Enthusiasm for and investment in Big Data and the Cloud is spurring innovation in a suite of new technologies that seek to transform information into knowledge at reduced costs. But the potential of Big Data and the Cloud is threatened by security, privacy, legal and regulatory constraints which prevent data integration and information sharing.
While the costs to capture, store and exploit data are declining, the costs of mishandling data are rising for every enterprise; and threaten to extend the data-poor environments in which we have long operated, forcing continued inferences and limits on data insights.
Technology leaders like Google,Facebook and Target have reshaped their industries using Big Data, but each is facing increased scrutiny over data handling. The result has created an atmosphere of concern and trepidation and has deterred many in the Fortune 1000 from embracing Big Data.
The relationship between Big Data security and Big Data innovation is not zero-sum, but rather they are mutually reinforcing concepts. Traditional data security approaches, which have proven inadequate, deal with disequilibrium by seeking counterbalance. In this case more security, more privacy, and more constraints lead to limited data access, continued fragmentation of data sets, and missed opportunities.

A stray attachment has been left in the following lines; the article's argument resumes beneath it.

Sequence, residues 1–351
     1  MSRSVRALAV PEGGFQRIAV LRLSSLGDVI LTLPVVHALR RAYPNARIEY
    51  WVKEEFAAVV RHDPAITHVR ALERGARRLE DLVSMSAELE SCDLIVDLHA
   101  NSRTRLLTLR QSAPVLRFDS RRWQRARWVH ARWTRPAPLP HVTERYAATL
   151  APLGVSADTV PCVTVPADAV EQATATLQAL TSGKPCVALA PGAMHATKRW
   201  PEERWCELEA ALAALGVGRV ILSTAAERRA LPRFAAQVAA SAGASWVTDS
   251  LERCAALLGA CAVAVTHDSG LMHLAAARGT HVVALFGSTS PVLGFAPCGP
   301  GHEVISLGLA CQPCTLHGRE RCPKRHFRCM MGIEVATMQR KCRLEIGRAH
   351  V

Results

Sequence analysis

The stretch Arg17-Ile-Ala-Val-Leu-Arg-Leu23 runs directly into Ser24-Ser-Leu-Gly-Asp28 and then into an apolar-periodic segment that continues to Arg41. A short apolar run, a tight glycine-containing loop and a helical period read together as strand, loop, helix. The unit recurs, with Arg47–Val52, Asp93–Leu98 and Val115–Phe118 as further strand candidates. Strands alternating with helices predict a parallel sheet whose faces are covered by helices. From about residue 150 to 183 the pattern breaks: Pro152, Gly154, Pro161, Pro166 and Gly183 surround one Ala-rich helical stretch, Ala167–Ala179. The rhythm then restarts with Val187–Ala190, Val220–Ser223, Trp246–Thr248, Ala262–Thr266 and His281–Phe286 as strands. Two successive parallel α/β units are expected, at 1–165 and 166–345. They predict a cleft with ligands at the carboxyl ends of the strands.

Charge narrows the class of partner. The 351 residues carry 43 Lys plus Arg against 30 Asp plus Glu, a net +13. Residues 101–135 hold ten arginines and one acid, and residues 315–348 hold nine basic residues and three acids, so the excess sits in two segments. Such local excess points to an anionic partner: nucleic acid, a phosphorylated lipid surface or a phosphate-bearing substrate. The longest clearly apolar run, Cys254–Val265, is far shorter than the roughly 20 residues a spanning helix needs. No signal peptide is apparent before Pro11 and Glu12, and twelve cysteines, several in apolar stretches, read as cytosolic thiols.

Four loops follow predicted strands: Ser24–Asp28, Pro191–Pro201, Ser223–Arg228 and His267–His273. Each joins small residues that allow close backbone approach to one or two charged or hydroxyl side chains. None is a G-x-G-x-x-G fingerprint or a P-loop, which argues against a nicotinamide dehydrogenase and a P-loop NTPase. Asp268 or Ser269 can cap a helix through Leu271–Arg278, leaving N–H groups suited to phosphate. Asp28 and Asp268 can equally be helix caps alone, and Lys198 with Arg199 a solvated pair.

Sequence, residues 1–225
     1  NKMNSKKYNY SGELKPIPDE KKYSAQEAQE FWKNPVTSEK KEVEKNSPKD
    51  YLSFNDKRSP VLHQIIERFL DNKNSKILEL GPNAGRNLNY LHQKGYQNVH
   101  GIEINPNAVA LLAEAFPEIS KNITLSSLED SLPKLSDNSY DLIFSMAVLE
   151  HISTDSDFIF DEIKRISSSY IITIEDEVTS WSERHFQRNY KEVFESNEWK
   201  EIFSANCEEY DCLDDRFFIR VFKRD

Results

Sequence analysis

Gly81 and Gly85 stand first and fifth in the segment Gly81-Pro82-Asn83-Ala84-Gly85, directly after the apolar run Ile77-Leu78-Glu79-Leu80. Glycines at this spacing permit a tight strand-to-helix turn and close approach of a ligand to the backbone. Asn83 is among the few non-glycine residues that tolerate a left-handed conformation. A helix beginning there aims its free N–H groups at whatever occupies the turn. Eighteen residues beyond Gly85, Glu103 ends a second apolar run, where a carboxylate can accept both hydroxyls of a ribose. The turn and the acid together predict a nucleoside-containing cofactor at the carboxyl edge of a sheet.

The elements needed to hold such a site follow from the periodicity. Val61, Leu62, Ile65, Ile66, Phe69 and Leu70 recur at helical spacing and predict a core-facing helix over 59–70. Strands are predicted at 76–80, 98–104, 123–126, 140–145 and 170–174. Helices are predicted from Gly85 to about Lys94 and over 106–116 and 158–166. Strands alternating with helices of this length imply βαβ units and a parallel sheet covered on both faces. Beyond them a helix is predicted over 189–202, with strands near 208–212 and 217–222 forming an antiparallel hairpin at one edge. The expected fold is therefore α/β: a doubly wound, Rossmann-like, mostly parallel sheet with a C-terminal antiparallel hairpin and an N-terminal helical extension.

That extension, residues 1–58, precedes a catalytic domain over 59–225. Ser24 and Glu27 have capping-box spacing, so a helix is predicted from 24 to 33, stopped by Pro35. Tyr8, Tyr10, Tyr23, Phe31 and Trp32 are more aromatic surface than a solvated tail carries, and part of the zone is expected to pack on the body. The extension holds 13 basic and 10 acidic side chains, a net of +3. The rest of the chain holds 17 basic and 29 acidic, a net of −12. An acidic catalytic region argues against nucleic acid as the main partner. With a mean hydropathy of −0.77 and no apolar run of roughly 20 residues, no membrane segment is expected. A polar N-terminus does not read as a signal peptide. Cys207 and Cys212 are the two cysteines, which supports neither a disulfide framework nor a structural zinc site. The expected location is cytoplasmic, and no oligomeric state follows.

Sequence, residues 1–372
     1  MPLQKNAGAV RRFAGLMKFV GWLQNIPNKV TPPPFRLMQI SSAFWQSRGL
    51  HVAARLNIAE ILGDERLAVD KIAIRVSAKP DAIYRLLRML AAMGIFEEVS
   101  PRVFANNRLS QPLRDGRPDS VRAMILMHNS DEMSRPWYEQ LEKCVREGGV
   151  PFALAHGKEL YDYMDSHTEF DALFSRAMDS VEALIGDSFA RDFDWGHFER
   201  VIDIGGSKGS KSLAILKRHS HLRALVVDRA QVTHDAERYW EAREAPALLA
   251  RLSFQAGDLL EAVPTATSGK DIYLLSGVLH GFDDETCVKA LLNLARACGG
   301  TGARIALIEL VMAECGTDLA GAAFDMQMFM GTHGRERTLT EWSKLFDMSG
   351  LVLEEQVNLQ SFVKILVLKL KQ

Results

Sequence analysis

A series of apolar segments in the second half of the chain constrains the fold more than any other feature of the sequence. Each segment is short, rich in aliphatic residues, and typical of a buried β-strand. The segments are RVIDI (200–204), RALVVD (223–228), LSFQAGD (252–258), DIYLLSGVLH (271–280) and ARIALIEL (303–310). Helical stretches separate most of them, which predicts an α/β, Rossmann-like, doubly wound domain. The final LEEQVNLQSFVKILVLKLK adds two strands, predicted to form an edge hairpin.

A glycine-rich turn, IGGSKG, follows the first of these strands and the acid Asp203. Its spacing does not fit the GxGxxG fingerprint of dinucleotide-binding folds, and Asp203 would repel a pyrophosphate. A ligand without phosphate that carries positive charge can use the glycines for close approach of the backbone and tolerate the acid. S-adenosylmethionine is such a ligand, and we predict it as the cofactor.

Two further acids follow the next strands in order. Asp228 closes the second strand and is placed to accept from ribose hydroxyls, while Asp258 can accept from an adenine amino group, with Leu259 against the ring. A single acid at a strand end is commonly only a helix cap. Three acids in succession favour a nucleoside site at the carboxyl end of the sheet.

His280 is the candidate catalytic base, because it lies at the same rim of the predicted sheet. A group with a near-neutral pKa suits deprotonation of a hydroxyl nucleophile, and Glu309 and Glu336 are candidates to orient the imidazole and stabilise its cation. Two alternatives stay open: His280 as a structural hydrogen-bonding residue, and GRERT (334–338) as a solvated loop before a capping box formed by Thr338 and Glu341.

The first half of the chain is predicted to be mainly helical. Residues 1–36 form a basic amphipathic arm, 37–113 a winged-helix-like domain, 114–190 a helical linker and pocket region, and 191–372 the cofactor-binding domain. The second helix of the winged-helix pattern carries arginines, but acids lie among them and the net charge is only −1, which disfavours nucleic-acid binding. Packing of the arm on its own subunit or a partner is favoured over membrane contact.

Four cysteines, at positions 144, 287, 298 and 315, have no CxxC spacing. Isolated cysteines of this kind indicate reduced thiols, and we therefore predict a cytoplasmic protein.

Instead of addressing these challenges as an afterthought or applying solutions around the edges, solutions that bake in and address security, privacy, legal and regulatory constraints from the onset enable new insights, while simultaneously building trust and transparency. Such a data-centric security model promotes adaptability and re-conceptualizes the relationship among data, users and applications and reduces administrative burdens and risks. Simultaneously it unlocks the potential for innovation and serves as a mechanism for supporting the integration of disparate data sets and for more complete information sharing.